Cait named one of them Charlemagne, though really they are all named Charlemagne. Ask me on a different day and I’ll tell you that’s only what we call the Albino one. The other two have yet to be named, because I cannot tell them apart.
Joan Didion wrote about the peacocks in Blue Nights, briefly. Her daughter Quintana was married in the summer of 2003 at a cathedral on 110th Street and Amsterdam called St. John the Divine. This is where the peacocks live.
Today would be her wedding anniversary.
Seven years ago today we took the leis from the florist’s boxes and shook the water in which they were packed onto the grass outside the Cathedral of St. John the Divine on Amsterdam Avenue. The white peacock spread his fan. The organ sounded. She wove white stephanotis into the thick braid that hung down her back. She dropped a tulle veil over her head and the stephanotis loosened and fell. The plumeria blossom tattooed just below her shoulder showed through the tulle. “Let’s do it,” she whispered. The little girls in leis and pale dresses skipped down the aisle and walked behind her up to the high altar. After all the words had been said the little girls followed her out the front doors of the cathedral and around the peacocks (the two iridescent blue-and-green peacocks, the one white peacock) to the Cathedral house. There were cucumber and watercress sandwiches, a peach-colored cake from Payard, pink champagne.
Her choices, all.
Sentimental choices, things she remembered.
I remembered them too.
I think about this passage sometimes when I visit them. I do not know how long the peacocks have been here, or where they came from. I do not know how long peacocks live. I imagine that the three I visit nearly every day—two iridescent blue-and-green, one white—must be the same as those that haunt the synaptic highways of Joan Didion’s memory, but I do not know. It is possible they are a new generation. Perhaps they have been here 50 years.
It would be easy to find the answers, but I don’t want them. I enjoy the mystery, the mystical quality of unknowing. So I leave it. The peacocks have always been here. The peacocks will always be here. The peacocks do not understand time.
On the grounds of the cathedral, where the birds preen and parade, there are several gardens, most unknown to those who walk by for they are set back from the street, pocketed behind shrubs and flowering vines. There is a day school for kindergarteners and elementary-schoolers. In the warm months, the church erects a misting station on the back end of the driveway—you stand underneath its trellis and wait for your hair to run wet.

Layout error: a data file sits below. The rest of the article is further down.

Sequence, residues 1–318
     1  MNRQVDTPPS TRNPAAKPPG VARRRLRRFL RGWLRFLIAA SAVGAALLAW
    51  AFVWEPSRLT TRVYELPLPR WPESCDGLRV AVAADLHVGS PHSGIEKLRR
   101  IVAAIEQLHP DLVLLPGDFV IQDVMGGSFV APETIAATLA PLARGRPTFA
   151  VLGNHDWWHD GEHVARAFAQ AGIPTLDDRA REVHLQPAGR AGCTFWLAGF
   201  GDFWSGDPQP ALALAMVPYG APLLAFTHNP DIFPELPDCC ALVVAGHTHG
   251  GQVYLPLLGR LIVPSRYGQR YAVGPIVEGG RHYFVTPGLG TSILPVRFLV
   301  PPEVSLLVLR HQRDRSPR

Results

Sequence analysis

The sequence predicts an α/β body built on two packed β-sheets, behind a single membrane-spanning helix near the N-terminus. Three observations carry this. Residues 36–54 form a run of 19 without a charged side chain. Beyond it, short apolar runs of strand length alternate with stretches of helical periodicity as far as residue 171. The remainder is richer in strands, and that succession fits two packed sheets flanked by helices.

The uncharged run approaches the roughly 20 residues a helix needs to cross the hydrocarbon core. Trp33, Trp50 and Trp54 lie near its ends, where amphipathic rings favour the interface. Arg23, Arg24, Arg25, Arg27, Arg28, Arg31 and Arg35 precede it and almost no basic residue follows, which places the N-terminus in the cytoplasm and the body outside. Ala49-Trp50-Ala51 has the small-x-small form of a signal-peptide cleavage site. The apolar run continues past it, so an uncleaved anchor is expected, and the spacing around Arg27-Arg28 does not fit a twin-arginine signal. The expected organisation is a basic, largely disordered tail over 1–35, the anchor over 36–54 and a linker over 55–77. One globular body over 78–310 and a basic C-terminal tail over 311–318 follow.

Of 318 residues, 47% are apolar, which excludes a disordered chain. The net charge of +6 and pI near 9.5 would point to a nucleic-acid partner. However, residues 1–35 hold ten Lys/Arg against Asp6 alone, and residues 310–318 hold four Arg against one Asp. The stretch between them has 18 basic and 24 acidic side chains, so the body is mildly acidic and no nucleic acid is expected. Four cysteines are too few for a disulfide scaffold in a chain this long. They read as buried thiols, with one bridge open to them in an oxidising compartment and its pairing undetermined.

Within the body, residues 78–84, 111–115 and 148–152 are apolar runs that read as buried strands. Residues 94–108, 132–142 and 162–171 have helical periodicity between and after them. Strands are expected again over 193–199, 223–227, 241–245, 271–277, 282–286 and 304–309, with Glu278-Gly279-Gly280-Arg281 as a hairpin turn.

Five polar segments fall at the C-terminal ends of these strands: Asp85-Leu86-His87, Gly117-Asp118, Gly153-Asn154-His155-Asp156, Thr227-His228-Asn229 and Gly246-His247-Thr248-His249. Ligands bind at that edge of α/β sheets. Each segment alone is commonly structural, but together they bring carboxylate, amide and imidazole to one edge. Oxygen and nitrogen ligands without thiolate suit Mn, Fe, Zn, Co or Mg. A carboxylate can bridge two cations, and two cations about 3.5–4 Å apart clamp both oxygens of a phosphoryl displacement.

Like Joan Didion, perhaps, the cathedral and the gardens and the peacocks remind me of other times. They bring those memories into the present, make them palpable, breathy, breezy. They smell of stephanotis. They move like my mother.
I go to the peacocks every day because I miss her, because I seek places in this city that make her seem close. There is no altar for her here, no gravesite, no headstone. She wanted to be buried with her mother, grandmother, brother. And so that’s where we took her, laid her to rest and prayed for some peace. I think about her on those lonely hills that drift down to the Potomac. I think about the earth above her body and I want to sink to it, clutch the grass between my fingers and press my cheek to the soil. I want to lay down and know that she is near, that the body I sprang from is still somehow here, that it has not vanished. They are dark thoughts.
As much as I want to walk those lonely hills and lay upon the dirt and smell the grass and remember what it was when she held me, I am anchored here. I desperately want to go and desperately do not. I think about going and my heels drive in deeper.
But the peacocks, the gardens, the spires of the church, the tiny ones pattering across the grounds—this is a place where all things remind me of her, but most importantly, they remind me of her life, of what she loved and what she taught me to love. They remind me not of her absence, but the indelibility of her presence.
And so most days I walk the five or so blocks from my office to the peacocks. I make the pilgrimage. I say hello. I talk to them in funny voices. I look for Charlemagne. I check to see which flowers are blooming, try to remember their names.
In the spring I watch as the peacocks grow their eyeleted plumes, and then I wait for the first warm days, when they spread their fans and pivot, slowly so as not to tip. When they molt some months later, I realize that without their tail feathers they look like fancy turkeys, and I wonder how our relationship with turkeys would be different if they grew feathers like a peacock.
Soon the days will start to chill, and we will all welcome it after this long, swampy summer. I will watch the peacocks as they pull back and work on that which separates them from the turkeys. The flowers will freeze and the spires will ice over and the kids will tuck inside. And I will make the pilgrimage.